Every conference promises exposure to “best practices.” The Community Energy Workshop in Prince George on June 6, delivered as a pre-conference component of the Canadian Bioeconomy Conference, will deliver something special.
The “something special” is an up-close-and-personal opportunity to connect with one of the world’s great examples of a city making the transition to life without fossil fuels. The city is Växjö (pronounced Vek-shyuh), in southern Sweden, and three City officials will be visiting Prince George in June:
· Mayor Anna Tenje
· Per Schöldberg, a member of the municipal council
· Jan Johansson, the City’s energy manager
They’ll share the Växjö experience – as both elected officials and staff – to both inform and inspire workshop attendees who are interested in advancing their own local energy opportunities.
In fact, their experience is uniquely relevant for communities here. For starters, Växjö has almost exactly the same population as Prince George. It has a young university. It is located in resource-based region and is the centre of a thriving forest industry. Their forestry know-how, in fact, led to the utilization of wood waste for their district heating system… in 1980! What started as an experiment proved so successful that the city increased the share of biomass in the fuel supply and expanded the reach of its district energy system.
Now nearly 40 years later, Växjö has been called the Greenest City in Europe for the way it has gradually built up a community-wide bioenergy system that supplies half of the city’s power and 90% of its heating needs through a 350km piping network. A staggering 8500 buildings are now connected to district heating and the most recent upgrade to the heating equipment uses 100% wood waste and forest residuals. Even organic waste is collected within the community and used to produce biogas that fuels public transit and other municipal vehicles.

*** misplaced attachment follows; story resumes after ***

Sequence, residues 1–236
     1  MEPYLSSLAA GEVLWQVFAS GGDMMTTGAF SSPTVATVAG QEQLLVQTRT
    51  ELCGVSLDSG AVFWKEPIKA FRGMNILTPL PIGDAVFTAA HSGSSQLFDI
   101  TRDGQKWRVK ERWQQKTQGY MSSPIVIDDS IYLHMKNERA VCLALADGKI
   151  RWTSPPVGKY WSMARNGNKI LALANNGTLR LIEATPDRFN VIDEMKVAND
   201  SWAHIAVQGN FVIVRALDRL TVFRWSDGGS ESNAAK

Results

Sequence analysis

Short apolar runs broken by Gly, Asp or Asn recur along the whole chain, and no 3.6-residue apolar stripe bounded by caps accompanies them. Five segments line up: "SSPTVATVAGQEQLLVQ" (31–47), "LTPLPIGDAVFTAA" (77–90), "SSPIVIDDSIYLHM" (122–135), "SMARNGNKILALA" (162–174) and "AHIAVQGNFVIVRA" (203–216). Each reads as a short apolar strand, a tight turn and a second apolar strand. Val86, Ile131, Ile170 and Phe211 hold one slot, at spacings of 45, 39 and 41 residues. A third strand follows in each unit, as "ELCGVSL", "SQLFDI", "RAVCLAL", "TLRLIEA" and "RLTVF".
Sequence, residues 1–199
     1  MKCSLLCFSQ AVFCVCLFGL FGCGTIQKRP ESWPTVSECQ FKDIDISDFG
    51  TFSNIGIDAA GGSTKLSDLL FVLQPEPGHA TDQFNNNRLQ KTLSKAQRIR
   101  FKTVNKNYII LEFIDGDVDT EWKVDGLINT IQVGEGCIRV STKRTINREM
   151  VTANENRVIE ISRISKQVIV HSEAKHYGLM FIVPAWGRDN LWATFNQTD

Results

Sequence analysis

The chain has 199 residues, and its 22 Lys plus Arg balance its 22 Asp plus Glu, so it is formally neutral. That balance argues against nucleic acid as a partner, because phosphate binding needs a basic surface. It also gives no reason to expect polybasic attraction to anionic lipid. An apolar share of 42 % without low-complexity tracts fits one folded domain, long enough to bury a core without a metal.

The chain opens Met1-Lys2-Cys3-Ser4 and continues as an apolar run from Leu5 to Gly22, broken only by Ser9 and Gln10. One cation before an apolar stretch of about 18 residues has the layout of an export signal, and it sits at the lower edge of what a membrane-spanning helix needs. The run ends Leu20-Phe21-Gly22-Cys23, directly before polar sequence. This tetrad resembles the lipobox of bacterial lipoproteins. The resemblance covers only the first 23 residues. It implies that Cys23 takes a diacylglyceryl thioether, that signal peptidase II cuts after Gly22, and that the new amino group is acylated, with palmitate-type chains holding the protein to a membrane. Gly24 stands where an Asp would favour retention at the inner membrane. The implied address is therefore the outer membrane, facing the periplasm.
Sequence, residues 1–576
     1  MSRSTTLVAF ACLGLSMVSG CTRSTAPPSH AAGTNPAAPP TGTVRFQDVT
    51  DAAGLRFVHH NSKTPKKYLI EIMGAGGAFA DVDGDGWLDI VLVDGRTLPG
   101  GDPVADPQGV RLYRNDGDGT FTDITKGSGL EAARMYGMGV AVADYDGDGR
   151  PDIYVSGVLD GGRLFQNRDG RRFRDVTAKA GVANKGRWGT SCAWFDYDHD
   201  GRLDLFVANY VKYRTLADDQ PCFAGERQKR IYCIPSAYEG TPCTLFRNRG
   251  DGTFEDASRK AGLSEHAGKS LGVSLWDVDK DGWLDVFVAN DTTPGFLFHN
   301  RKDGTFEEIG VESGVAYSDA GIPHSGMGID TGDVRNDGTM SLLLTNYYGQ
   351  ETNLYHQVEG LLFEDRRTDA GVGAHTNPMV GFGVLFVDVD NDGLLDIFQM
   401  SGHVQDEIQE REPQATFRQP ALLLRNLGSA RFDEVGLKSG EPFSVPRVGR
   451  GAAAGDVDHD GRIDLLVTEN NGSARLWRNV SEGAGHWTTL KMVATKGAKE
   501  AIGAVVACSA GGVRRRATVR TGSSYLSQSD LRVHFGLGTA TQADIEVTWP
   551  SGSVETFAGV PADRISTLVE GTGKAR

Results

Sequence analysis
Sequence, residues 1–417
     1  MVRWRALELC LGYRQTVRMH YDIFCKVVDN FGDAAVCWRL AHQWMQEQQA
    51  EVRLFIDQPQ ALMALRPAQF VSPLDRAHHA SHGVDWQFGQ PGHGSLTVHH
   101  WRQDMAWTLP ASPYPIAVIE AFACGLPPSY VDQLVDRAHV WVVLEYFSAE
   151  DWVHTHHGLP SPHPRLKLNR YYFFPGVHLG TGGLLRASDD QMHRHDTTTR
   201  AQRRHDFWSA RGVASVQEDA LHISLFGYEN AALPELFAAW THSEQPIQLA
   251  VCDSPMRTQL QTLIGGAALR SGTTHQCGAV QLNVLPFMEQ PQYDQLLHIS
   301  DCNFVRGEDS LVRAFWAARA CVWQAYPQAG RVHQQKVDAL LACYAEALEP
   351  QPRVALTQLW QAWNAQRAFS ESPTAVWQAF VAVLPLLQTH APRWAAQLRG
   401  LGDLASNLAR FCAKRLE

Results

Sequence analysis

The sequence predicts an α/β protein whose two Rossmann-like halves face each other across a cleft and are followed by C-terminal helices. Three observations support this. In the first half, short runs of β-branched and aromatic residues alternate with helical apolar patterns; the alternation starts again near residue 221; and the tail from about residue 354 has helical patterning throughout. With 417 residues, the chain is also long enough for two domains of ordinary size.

Just over twenty years ago, the City pledged to be free of fossil fuels; now the world’s premier network of cities addressing climate change – the C40 network – predicts Växjö will be first city in the world to achieve total fossil fuel freedom. They’re close: consider that the carbon footprint of an average person in Växjö is only 2-3 tonnes of CO2e annually (in Canada, the average is more than 15 tonnes per person).
How are they doing it? How have they maintained momentum through local political transitions? How have various partnerships involving government, industry, and citizens defined sustainability in Växjö? What are the lessons for us? The Community Energy Workshop will provide exposure to the Växjö story that, short of travelling to Sweden, would never otherwise be accessible to us.